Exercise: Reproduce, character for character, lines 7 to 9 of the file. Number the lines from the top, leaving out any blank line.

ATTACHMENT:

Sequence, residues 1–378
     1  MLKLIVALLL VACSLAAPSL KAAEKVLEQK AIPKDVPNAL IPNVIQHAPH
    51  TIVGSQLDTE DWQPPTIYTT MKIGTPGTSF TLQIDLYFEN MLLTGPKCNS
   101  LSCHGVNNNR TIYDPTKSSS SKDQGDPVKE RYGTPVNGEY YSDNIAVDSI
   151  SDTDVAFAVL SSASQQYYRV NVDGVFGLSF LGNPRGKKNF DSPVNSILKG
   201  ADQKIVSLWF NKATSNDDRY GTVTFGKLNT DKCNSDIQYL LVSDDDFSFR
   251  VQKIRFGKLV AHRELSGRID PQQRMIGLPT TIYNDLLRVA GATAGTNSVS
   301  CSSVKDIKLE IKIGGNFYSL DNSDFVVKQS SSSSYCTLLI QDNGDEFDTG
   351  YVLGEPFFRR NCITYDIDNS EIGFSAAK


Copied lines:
   251  VQKIRFGKLV AHRELSGRID PQQRMIGLPT TIYNDLLRVA GATAGTNSVS
   301  CSSVKDIKLE IKIGGNFYSL DNSDFVVKQS SSSSYCTLLI QDNGDEFDTG
   351  YVLGEPFFRR NCITYDIDNS EIGFSAAK